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From data to parameters: a preliminary DEB model for loggerhead turtles (Caretta caretta)

Marn, Nina; Kooijman, S. A. L. M.; Klanjšček, Tin (2015) From data to parameters: a preliminary DEB model for loggerhead turtles (Caretta caretta). In: Book of absctract for oral presentation of the 4th Symposium on DEB theory. Marseille, CIRM (Centre for International Meetings in Mathematics), p. 10 .

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We develop a physiologically structured population model for Pacific bluefin tuna (Thunnus orientalis, PBT) by combining approaches that operate at two levels of biological organization. At the level of an individual, we rely on a Dynamic Energy Budget (DEB) representation of physiological energetics to describe metabolic processes regulating food intake, growth, maturation, and reproduction of PBT. Consequently, the modeled fish state (i.e. reserve energy, structural length, and the maturation/ reproduction investment) depends on the environmental conditions (i.e. food availability and temperature), allowing us to break free from the constraints of statistical (i.e. static) length-at-age and fecundity-at-age relationships often used as the underlying assumptions of population dynamics. At the population level, a matrix formulation based on the DEB model offers a relatively straightforward way to determine how fecundity and survival rates regulate population growth. The former rate is read off the fecundity-at-age relationship generated at the individual level, whereas the latter rate follows from natural and fishing mortalities found in the latest PBT stock assessment. We apply the model to estimate the uncertainty in the growth rate of the wild PBT population caused by the unclear feeding ecology of this species during spawning migrations. In particular, we show that if PBT experience reduced food availability while migrating, the effect on the growth rate of an individual fish may be negligible, whereas the fecundity rate may suffer a 40% decline. Such a decline has a negative effect on the population growth rate, which – for the purpose of robust fishery management - has to be compensated for by reducing fishing effort. We find that a reduction across all age groups of about 17 % relative to the present-day (2007-2009) harvesting is needed. A somewhat counterintuitive consequence is that the total catch in terms of biomass may actually increase upon implementing the reduction due to, among other factors, the dominance of larger fish in the catch.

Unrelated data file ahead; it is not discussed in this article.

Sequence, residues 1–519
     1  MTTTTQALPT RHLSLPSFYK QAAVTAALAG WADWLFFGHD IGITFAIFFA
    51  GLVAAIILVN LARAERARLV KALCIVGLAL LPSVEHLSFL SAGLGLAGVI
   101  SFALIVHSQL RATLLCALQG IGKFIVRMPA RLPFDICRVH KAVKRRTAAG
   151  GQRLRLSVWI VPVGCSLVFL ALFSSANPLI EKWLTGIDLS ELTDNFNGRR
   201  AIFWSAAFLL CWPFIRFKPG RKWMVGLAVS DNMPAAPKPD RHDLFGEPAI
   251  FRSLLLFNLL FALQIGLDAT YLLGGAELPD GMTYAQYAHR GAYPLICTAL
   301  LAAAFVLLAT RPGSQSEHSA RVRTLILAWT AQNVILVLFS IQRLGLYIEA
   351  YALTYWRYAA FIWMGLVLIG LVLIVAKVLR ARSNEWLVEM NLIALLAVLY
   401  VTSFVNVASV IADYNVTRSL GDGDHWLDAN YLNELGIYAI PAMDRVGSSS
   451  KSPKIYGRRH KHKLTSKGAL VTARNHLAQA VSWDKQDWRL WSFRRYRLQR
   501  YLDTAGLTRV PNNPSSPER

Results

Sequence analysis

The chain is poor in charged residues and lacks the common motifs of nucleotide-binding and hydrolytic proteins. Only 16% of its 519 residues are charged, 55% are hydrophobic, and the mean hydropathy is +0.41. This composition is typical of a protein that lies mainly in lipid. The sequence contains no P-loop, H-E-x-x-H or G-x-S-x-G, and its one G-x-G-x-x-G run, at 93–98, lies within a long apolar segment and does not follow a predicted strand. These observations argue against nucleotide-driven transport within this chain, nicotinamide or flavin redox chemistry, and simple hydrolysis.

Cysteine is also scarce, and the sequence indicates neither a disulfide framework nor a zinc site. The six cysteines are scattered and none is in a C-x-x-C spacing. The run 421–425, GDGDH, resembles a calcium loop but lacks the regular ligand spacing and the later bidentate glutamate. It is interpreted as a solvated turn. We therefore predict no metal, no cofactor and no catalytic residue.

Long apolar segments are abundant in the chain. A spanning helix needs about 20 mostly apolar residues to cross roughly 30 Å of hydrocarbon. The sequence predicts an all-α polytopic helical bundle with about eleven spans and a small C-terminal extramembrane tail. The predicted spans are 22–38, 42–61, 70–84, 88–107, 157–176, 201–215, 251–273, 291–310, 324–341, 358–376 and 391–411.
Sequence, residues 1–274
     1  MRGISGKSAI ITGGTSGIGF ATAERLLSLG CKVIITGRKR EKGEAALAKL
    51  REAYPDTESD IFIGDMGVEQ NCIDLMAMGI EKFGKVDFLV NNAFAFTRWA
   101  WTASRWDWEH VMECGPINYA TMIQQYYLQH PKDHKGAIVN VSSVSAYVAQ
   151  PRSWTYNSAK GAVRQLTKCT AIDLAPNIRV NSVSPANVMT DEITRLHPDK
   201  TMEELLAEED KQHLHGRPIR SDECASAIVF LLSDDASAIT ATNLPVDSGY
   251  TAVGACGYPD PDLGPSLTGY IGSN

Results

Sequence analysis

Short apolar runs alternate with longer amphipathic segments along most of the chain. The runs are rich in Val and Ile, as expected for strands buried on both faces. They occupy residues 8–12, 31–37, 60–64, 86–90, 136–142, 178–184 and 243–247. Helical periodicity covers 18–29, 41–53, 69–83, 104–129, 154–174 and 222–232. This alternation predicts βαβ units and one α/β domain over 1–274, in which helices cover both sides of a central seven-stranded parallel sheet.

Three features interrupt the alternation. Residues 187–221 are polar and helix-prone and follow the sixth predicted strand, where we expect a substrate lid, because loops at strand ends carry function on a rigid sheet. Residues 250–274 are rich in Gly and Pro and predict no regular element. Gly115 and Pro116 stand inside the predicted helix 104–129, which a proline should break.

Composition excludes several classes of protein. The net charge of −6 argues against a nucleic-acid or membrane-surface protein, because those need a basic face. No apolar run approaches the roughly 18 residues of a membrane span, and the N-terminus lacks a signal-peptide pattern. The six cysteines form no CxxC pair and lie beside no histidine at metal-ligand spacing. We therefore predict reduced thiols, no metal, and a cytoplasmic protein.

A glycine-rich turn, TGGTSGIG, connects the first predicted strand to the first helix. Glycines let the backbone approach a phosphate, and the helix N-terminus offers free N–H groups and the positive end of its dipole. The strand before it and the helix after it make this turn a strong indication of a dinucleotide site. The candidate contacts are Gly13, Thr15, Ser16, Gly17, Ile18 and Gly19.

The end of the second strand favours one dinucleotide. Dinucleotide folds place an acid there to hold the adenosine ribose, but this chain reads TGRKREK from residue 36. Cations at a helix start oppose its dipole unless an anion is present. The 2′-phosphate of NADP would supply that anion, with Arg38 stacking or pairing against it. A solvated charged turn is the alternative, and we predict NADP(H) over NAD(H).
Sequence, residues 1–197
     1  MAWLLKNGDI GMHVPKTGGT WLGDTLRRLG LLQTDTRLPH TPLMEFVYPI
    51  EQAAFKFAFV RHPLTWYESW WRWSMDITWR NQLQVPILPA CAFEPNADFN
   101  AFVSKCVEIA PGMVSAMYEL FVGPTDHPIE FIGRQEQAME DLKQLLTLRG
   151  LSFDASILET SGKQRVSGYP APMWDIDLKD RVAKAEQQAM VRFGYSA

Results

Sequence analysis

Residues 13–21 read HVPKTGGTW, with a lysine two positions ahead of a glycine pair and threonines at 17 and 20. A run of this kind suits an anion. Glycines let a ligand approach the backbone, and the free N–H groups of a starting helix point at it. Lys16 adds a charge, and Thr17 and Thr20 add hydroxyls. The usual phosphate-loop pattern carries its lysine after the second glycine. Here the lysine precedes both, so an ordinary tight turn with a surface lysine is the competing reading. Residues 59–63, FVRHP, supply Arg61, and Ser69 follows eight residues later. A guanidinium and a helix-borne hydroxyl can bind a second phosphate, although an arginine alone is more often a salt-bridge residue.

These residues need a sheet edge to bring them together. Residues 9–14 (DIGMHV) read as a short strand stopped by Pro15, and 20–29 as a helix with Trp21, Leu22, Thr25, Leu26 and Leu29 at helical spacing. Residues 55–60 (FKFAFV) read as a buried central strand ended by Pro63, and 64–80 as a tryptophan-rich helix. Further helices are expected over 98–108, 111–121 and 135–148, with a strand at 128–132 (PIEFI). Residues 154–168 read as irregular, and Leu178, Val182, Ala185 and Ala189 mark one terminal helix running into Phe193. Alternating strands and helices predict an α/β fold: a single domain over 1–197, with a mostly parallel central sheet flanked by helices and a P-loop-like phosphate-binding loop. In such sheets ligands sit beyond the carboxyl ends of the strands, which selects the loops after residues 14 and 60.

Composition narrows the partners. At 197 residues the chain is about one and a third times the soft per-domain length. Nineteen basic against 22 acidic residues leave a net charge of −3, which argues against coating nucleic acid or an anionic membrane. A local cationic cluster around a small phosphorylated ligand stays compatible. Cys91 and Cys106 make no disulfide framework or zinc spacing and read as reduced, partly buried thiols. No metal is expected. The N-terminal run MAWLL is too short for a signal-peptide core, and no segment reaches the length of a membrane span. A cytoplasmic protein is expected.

Item Type: Conference or workshop item published in conference proceedings (UNSPECIFIED)
Uncontrolled Keywords: DEB Theory; energy model; loggerhead turtle
Subjects: NATURAL SCIENCES > Interdisciplinary Natural Sciences
Divisions: Division for Marine and Enviromental Research
Depositing User: Nina Marn
Date Deposited: 27 Oct 2015 12:55

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